Amazon (NASDAQ:AMZN) is a great company that employs over 647,000 people. Its CEO, Jeff Bezos, is a brilliant strategist and planner. Most importantly for shareholders, AMZN stock has delivered an annualized total return of 29% over the past 15 years.
The business media talk about how many billionaires Warren Buffett’s created over the years. It’s safe to say that Jeff Bezos is responsible for his fair share of people striking it rich, thanks to Amazon’s phenomenal success.
But it all comes at a cost.
Businesses Have to Do Better
A recent article in the Guardian about a 48-year-old Amazon warehouse employee who worked at the company’s fulfillment center in Etna, Ohio, reminded me about the dark side of Amazon.
Billy Foister lay on the floor of the Amazon factory for 20 minutes before receiving any medical attention. Foister had a heart attack, lost consciousness, and ultimately died in a hospital.
“The passing of the employee did not occur at the facility. The employee experienced a personal medical issue (heart attack) and lost consciousness. Several trained team members quickly responded and administered CPR and AED until local emergency responders arrived, within minutes, and took over. The employee was then transported to a local hospital for further treatment, where he was later pronounced deceased,” said an Amazon spokesperson in an email.
The article the describes how another Amazon employee at the same facility died in March of this year after going into cardiac arrest. He was 60 years old.
In 2017, 57-year-old Thomas Becker had a heart attack while working at an Amazon warehouse in Illinois. Becker died. His widow filed a wrongful death suit against the company, alleging it was careless, negligent, and responsible for Becker’s death.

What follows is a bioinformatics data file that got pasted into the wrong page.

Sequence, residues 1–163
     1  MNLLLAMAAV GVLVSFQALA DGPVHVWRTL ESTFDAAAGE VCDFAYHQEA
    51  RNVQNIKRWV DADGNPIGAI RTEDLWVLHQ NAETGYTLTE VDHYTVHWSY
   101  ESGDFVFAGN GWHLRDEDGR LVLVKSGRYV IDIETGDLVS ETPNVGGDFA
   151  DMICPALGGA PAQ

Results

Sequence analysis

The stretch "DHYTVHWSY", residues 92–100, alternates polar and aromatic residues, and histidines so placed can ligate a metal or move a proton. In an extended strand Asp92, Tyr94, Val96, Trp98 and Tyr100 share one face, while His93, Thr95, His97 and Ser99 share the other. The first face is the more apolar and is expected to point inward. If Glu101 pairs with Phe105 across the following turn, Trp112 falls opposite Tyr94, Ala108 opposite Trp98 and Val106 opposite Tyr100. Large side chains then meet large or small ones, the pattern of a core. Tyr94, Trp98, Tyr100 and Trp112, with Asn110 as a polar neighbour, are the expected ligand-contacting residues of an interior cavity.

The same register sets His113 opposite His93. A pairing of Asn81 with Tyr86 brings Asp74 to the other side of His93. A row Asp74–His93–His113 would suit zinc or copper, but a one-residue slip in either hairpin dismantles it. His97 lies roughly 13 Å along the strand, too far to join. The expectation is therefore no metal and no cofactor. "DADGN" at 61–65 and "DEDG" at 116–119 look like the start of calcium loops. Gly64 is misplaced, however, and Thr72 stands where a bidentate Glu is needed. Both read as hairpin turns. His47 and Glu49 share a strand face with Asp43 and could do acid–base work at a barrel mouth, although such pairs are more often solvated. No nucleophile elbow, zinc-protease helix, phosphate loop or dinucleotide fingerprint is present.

“In spite of Amazon’s policy of having its own supposedly qualified medical first responders, not a single Amazon first responder came with a functioning AED [automated external defibrillator] to Thomas Becker’s aid,” Chicago Tribune reported in January.
The suit further stated that, although the company said there were AED boxes throughout the warehouse, there were no defibrillators inside the boxes.
Those are three deaths that likely didn’t need to happen. That’s tragic, indeed.
Why Am I Talking About This?
We in the business media, especially those covering stocks, tend to be focused most of the time on the dollars and cents, putting minimal effort into understanding what goes on behind companies’ closed doors.
I’m as guilty as the next person.
In April 2017, I called AMZN stock one of the 10 best names to buy for the next decade. Any investor who listened and bought Amazon stock would have doubled his or her money.
There’s no question that AMZN stock has been an excellent investment.
However, in the back of my mind, I’ve always wondered if advising investors to buy AMZN stock was ethical. After all, I’d read a lot of stories about how badly Amazon treats its warehouse employees. I even wrote about the subject in April 2019.
The article focused on the Amazon Employees for Climate Justice and the pressure the employee group was applying on the company to stop helping oil and gas companies extract fossil fuels. But in the article, I warned that the company’s mistreatment of its employees could lower Amazon stock price.
The Bottom Line on AMZN Stock
Everyone can ignore Amazon’s mistreatment of a number of its workers. But if people keep dying of heart attacks in Amazon’s warehouses, eventually bad karma will hurt the company.
Maybe not today or even next month. But no bad deed goes unpunished.
Boston Common Asset Management Managing Director Steven Helm wrote an excellent opinion piece in October 2018 about Amazon and its failure to meet Environmental, Social and Governance (ESG) standards.
“Amazon’s success has come at a high cost. Inhumane scheduling, notoriously long hours, and punishing quotas have made its warehouses resemble sweatshops,” Helm wrote. “In exchange for easy purchase and super-fast delivery of low-cost products, Amazon could be on the verge of creating a ‘race to the bottom’ in working conditions and labor practices as other retailers try to compete with it.”
As more investors focus on investing in ethical companies in coming years, firms like Amazon are going to have to do a much better job of walking the talk.
If they don’t, the Amazon stock price won’t be hitting $10,000 anytime soon.
At the time of this writing Will Ashworth did not hold a position in any of the aforementioned securities.